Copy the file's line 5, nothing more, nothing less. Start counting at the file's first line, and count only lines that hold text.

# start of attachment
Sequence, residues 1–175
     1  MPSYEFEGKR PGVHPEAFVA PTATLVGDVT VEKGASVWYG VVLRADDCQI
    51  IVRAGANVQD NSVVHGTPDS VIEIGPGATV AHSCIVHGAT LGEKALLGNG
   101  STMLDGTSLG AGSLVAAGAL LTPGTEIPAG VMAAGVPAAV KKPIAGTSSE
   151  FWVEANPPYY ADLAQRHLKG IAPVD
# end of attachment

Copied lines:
   151  FWVEANPPYY ADLAQRHLKG IAPVD